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My Mother’s Day wish: That I never have to tell my son, ‘You don’t have to be the hero’

Theresa Vargas’s sons are shown here taking a break at a local park.
Theresa Vargas’s sons are shown here taking a break at a local park. (Theresa Vargas/The Washington Post)

I found it on the kitchen counter when I got home from work.

It was a book written by my 6-year-old son. His first. He made it at school, and it consisted of six small pages bound together with blue construction paper and yellow string.

The title: “Not my friend.”

I took a breath. I knew what it was about even before I opened it. It was about loss.

It was about his first best friend. They met at the bus stop on his first day of prekindergarten. My son was 4; the boy was 5. It took them five minutes before they were holding hands.

They were in the same class that year, but even so, on the weekends, they still pleaded for play dates. During those gatherings, they whispered secrets and threw their heads back in laughter at each other’s antics. They shared their favorite toys.

I opened the book and began reading. There were some misspellings, but I’ll spare you those.

“On my first day of school, I got a friend,” the first page read.

I flipped to the next.

“But when I was in kindergarten, he was not my friend anymore.”

The third page had a drawing of two little stick figures with giant word bubbles flowing from their mouths.

“But I did not do anything,” one stick figure says.

“I’m still not your friend!” says the other.

On the last page: “But I did not know why.”

There are things we cannot protect our children from. Losses that are inevitable. Friendships fade for reasons sometimes unknown, and other times known but not easily explained to a preschooler.

I get this. I accept that I could not spare my son the pain of his first lost friend, even if I wished I could have.

What I cannot accept, though — what constantly worries me for him, his little brother and other children — are the friends and classmates they might lose, not because of natural childhood disagreements, but because of blatant adult failures.

In the past week, we saw a 12-year-old boy describe how he stood behind a closet door, metal bat in hand, during a school shooting, ready to “go down fighting.”

We heard a father whose 18-year-old did exactly that. He charged at a gunman and died to save his classmates. The father recalled how he once told his son, “You don’t have to be the hero.”

We saw children huddled — yet again — outside a school, hugging and crying, watching as police cleared their building.

How many children have to experience that before we start thinking as parents instead of political partisans?

How many more students have to lose their classmates and teachers for us to acknowledge that this country has a gun problem because people who should never be allowed to hold one are aiming them at our children?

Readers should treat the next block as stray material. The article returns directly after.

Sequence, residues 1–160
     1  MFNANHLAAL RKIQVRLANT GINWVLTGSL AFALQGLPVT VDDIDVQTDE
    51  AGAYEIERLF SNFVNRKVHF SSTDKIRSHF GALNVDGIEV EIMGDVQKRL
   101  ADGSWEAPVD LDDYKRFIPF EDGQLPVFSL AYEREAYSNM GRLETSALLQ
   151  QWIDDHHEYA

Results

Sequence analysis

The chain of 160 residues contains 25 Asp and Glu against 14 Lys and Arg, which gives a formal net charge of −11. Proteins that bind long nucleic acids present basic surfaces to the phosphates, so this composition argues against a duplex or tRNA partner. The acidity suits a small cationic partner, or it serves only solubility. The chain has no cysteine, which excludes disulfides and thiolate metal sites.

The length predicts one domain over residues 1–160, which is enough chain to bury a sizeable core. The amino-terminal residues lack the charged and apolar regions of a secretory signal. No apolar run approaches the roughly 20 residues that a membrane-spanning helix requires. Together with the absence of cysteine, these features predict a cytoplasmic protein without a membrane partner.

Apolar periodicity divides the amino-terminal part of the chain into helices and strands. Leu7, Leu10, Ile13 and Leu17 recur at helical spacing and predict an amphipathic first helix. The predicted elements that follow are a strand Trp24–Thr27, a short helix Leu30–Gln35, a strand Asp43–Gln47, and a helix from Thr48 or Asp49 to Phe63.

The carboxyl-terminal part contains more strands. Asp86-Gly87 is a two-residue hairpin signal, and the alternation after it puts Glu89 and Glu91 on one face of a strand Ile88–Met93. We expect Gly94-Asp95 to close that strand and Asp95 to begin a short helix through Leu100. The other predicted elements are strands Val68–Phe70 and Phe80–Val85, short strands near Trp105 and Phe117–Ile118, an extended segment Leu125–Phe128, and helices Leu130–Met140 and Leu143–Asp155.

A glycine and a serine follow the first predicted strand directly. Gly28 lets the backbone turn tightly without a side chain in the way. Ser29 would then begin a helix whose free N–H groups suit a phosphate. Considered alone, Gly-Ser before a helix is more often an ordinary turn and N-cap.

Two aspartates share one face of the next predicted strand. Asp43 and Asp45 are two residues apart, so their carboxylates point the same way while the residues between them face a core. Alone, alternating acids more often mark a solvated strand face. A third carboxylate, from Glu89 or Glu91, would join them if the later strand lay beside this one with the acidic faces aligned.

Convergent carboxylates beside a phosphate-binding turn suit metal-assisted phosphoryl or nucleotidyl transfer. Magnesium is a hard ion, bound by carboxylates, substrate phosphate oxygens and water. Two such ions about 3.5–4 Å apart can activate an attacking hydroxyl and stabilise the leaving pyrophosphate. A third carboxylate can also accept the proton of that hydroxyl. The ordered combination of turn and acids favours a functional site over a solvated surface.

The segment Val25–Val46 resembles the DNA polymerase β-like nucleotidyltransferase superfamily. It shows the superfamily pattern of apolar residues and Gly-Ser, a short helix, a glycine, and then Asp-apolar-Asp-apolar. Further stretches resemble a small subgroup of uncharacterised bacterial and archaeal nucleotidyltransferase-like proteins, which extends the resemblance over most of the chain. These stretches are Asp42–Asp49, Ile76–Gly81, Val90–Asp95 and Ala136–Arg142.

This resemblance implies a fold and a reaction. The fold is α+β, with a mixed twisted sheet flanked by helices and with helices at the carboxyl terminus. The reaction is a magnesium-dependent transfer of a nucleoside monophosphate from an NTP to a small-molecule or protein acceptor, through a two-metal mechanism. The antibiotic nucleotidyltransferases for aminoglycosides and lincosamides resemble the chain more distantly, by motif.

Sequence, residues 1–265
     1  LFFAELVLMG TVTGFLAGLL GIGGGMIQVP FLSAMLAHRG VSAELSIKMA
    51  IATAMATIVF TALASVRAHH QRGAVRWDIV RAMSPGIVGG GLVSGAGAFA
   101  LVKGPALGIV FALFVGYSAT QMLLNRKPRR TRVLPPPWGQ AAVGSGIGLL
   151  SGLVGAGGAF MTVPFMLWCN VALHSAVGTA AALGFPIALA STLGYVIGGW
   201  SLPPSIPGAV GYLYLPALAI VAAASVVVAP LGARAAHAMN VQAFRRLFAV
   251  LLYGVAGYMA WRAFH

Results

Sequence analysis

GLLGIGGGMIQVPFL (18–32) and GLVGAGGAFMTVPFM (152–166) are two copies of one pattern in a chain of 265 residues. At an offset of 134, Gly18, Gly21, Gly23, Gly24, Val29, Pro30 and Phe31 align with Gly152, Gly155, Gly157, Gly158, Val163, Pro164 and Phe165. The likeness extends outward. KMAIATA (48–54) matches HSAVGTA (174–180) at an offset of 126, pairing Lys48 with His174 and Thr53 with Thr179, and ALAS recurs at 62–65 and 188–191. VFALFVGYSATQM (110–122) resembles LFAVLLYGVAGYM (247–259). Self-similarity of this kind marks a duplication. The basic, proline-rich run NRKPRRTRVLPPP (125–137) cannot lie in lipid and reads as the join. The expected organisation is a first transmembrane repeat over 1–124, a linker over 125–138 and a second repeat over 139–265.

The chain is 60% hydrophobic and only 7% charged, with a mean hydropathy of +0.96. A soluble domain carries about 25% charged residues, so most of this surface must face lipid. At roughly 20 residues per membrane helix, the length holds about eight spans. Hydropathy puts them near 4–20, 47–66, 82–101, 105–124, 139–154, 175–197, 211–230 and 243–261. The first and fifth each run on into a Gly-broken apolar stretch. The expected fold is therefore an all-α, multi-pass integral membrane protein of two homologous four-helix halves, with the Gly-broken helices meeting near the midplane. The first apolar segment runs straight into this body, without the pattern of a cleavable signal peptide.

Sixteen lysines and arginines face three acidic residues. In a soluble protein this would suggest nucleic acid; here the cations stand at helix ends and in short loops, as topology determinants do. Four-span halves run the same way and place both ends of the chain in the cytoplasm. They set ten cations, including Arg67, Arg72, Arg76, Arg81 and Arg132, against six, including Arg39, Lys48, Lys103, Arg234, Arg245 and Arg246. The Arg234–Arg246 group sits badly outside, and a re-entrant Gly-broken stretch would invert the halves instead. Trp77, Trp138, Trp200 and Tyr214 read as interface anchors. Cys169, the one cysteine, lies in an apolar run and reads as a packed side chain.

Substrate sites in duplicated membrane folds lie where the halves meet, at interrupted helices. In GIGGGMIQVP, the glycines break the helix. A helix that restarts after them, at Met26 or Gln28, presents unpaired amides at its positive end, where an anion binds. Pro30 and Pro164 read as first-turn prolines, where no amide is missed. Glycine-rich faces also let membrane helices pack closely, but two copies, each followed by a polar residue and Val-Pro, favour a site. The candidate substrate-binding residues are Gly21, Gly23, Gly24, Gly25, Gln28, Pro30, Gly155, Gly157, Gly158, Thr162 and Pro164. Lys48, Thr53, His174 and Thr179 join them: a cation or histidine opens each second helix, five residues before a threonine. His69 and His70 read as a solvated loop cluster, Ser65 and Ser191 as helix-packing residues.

More importantly, when are we finally going to do something substantial about it?

I began this column a year ago by telling you about a classmate of mine, Blanca Garcia, who was shot to death at a birthday party when I was 13. What I did not include in that piece, but have thought about often since then, was something her mother told me.

A gang burst into a party and killed a teen. It still haunts her classmates — including me.

After her daughter died and all of us went on to high school, she said some mornings she would drive to the school, park and watch us step into a building that her daughter never had the chance to enter.

On those days, she said, she would show up to work with her eyes swollen.

When she told me that, I thought about what she saw, but also about what she could not see. It’s true those were her daughter’s classmates, but they were not the same children her daughter knew. That shooting changed us. It took something from each of us and more from some of us.

And that was just one school, decades ago.

How many more children since then have experienced loss because of guns?

Since Columbine alone, according to a count by my colleagues, we know more than 228,000 students have experienced gun violence at school, but that does not include children who have had friends gunned down in their neighborhoods or school shootings before 1999.

Sunday is Mother’s Day, a time when the lucky among us will get hand-scrawled cards and maybe a carb-filled breakfast in bed. But if you really want to know what I want for Mother’s Day, it is this:

I want to spare my son the pain of unnecessary loss, because he will encounter plenty of the normal kind.

I want to never have to tell him, “You don’t have to be the hero.”

I want him to feel invincible and ready to help his friends for as long as possible, or at least until he graduates elementary school.

Recently, I came home, and there was another handmade book tossed on the kitchen counter, which is where backpack contents tend to end up in our house.

It was about another boy in my son’s class, one he tells me is funny and kind. In it, the boy goes to Africa and encounters a lion. I’ll spare you the drama that follows and skip to the end.

My son defeats the lion and saves his friend.

Read more:

A gang burst into a party and killed a teen. It still haunts her classmates — including me.

This mother wants you to see a disturbing photo of her fatally shot daughter. Maybe it’s time we look.

For Mother’s Day, a remembrance of my almost daughter.